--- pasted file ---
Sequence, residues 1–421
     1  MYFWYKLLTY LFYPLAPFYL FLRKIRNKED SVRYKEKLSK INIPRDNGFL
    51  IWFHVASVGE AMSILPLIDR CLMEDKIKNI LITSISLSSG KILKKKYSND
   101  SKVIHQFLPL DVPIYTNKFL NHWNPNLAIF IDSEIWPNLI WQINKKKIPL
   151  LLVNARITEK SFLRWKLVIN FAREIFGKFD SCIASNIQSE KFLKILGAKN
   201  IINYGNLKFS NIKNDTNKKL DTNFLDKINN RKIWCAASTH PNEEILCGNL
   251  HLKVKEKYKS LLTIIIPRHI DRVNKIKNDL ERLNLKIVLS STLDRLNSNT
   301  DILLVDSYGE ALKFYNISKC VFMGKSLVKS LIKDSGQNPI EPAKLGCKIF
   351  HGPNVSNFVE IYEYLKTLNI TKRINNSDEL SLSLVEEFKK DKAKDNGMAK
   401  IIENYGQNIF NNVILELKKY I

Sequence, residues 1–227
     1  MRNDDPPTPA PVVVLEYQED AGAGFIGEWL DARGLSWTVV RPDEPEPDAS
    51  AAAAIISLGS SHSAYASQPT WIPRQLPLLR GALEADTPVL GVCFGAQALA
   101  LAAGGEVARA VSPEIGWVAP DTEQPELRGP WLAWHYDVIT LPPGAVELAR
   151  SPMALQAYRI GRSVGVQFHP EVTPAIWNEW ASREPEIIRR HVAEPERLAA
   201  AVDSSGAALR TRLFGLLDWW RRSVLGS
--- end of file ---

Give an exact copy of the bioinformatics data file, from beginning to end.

Sequence, residues 1–421
     1  MYFWYKLLTY LFYPLAPFYL FLRKIRNKED SVRYKEKLSK INIPRDNGFL
    51  IWFHVASVGE AMSILPLIDR CLMEDKIKNI LITSISLSSG KILKKKYSND
   101  SKVIHQFLPL DVPIYTNKFL NHWNPNLAIF IDSEIWPNLI WQINKKKIPL
   151  LLVNARITEK SFLRWKLVIN FAREIFGKFD SCIASNIQSE KFLKILGAKN
   201  IINYGNLKFS NIKNDTNKKL DTNFLDKINN RKIWCAASTH PNEEILCGNL
   251  HLKVKEKYKS LLTIIIPRHI DRVNKIKNDL ERLNLKIVLS STLDRLNSNT
   301  DILLVDSYGE ALKFYNISKC VFMGKSLVKS LIKDSGQNPI EPAKLGCKIF
   351  HGPNVSNFVE IYEYLKTLNI TKRINNSDEL SLSLVEEFKK DKAKDNGMAK
   401  IIENYGQNIF NNVILELKKY I

Sequence, residues 1–227
     1  MRNDDPPTPA PVVVLEYQED AGAGFIGEWL DARGLSWTVV RPDEPEPDAS
    51  AAAAIISLGS SHSAYASQPT WIPRQLPLLR GALEADTPVL GVCFGAQALA
   101  LAAGGEVARA VSPEIGWVAP DTEQPELRGP WLAWHYDVIT LPPGAVELAR
   151  SPMALQAYRI GRSVGVQFHP EVTPAIWNEW ASREPEIIRR HVAEPERLAA
   201  AVDSSGAALR TRLFGLLDWW RRSVLGS